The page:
Spontaneous trait transference works with positive talk. If you're discussing someone and you describe them as kind and generous, people are more likely to see you that way too.
Small talk and gossip help us build and analyze the relationships we have with other people, as well as work out each other's social standings and traits.
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If you gossip negative things, like insulting someone or talking down their achievements, it may put both you and the person you are talking to at risk of losing the group’s trust and each other’s strength.
Speaking your mind about someone can also result in "spontaneous trait transference. " According to psychologists, this is when people are perceived as possessing the traits they are describing in others.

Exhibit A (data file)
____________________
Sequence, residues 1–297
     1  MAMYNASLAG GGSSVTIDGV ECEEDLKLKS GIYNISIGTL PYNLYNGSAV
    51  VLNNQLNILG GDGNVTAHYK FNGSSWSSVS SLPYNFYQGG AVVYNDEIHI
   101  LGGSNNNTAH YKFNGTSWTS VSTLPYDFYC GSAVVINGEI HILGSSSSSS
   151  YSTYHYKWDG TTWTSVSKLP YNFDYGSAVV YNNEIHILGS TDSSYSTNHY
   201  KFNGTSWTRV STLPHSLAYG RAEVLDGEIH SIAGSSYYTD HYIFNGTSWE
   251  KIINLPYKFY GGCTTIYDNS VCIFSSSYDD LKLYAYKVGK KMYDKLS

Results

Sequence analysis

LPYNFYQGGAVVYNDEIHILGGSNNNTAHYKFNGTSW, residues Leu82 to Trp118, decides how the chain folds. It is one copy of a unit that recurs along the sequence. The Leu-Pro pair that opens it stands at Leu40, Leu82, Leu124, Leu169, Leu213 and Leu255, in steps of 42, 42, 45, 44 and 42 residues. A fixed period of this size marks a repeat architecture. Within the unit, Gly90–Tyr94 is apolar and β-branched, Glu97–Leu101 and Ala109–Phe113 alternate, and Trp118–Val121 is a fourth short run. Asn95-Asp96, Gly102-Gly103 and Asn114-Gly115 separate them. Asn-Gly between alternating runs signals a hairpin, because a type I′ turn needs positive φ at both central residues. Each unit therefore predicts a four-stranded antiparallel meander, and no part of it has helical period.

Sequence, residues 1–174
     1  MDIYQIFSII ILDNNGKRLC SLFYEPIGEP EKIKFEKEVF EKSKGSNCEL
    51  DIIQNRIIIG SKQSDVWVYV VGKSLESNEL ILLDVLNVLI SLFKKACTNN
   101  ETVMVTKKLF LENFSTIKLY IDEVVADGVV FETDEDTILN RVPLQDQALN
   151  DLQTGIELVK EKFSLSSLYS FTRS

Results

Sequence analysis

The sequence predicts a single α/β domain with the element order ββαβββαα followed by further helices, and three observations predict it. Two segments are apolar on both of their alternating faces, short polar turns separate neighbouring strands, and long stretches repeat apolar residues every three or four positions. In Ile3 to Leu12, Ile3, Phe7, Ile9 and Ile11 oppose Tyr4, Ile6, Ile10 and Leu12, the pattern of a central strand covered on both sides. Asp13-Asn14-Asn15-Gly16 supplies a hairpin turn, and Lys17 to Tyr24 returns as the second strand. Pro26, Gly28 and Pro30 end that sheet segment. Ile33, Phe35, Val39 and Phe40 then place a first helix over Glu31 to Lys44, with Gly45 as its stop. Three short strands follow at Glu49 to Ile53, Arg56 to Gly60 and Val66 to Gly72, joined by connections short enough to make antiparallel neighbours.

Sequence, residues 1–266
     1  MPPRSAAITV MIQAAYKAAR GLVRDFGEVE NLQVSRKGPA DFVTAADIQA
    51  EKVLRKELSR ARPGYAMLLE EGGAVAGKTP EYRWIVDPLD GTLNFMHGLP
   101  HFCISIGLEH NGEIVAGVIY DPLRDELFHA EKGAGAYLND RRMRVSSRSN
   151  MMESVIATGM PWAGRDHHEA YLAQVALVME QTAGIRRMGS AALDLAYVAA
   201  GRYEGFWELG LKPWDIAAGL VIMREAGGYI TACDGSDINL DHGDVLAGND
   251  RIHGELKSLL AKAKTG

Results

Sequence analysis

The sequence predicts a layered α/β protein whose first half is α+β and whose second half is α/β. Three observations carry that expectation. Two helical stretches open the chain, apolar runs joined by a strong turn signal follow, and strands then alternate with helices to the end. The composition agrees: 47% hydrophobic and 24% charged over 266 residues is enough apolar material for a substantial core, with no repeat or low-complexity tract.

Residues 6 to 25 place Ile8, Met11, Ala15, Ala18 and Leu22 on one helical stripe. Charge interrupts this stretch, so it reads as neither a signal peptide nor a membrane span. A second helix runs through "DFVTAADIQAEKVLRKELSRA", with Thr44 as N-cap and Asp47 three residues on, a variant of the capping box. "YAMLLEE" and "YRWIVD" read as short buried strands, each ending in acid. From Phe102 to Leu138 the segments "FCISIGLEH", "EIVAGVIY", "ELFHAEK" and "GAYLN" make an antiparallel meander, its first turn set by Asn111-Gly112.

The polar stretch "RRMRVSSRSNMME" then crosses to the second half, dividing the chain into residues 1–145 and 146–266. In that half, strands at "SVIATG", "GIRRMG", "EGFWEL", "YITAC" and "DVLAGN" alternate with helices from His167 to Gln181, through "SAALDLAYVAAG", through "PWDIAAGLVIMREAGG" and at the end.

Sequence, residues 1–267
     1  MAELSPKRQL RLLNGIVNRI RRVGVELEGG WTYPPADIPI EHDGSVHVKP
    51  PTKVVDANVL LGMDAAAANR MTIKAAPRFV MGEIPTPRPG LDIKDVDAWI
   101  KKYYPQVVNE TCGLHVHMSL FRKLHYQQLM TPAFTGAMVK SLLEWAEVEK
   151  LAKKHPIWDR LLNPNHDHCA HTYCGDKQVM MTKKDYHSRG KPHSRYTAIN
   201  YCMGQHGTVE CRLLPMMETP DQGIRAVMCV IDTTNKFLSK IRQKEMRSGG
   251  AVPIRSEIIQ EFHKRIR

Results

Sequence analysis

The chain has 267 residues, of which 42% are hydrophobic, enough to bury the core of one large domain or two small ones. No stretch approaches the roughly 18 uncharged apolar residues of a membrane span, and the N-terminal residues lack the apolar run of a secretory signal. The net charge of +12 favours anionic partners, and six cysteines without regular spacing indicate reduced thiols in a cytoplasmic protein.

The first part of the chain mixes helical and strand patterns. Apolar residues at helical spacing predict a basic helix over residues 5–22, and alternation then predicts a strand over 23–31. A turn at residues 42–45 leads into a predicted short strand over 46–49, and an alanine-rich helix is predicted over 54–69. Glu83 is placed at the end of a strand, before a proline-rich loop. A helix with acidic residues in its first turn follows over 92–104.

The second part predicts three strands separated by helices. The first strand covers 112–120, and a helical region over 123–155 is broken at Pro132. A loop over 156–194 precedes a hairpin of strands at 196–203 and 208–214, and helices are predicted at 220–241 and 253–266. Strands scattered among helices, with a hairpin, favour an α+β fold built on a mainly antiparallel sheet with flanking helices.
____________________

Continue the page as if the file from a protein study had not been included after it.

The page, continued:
People's names trigger the brain in a unique way so you can recall information about them. Gossip works as training for the information gathering capacities of the brain.
Research also found that people were much better at processing information about people they had just met if they had large social groups. By talking with and about people more often, they were using those parts of their brains regularly.
Gossip is a key social skill that helps ensure our healthy integration into human society.
Gossiping with somebody is a way of bringing people closer within your social group, checking that they share your views, and bonding over shared positions and judgements. The people you gossip most with, therefore, are the ones with whom you're the closest.
When we gossip, we gain “social capital” -- a secret weapon of sorts over those around us.
Even if we have no intention of using information in a harmful manner, simply having the information is satisfying.